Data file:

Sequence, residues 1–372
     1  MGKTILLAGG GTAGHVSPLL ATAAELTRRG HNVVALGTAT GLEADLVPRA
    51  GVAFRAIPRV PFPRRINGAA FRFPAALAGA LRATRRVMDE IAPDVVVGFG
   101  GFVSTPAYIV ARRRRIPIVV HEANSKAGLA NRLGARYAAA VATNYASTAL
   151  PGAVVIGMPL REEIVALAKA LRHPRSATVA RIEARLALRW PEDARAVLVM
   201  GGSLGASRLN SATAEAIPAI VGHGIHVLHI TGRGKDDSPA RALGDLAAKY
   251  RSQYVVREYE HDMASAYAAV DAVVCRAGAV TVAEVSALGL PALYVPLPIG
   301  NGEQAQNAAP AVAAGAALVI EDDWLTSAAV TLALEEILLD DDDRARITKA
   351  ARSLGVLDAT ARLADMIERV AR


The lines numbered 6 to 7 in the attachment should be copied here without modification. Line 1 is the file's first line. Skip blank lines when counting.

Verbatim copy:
   201  GGSLGASRLN SATAEAIPAI VGHGIHVLHI TGRGKDDSPA RALGDLAAKY
   251  RSQYVVREYE HDMASAYAAV DAVVCRAGAV TVAEVSALGL PALYVPLPIG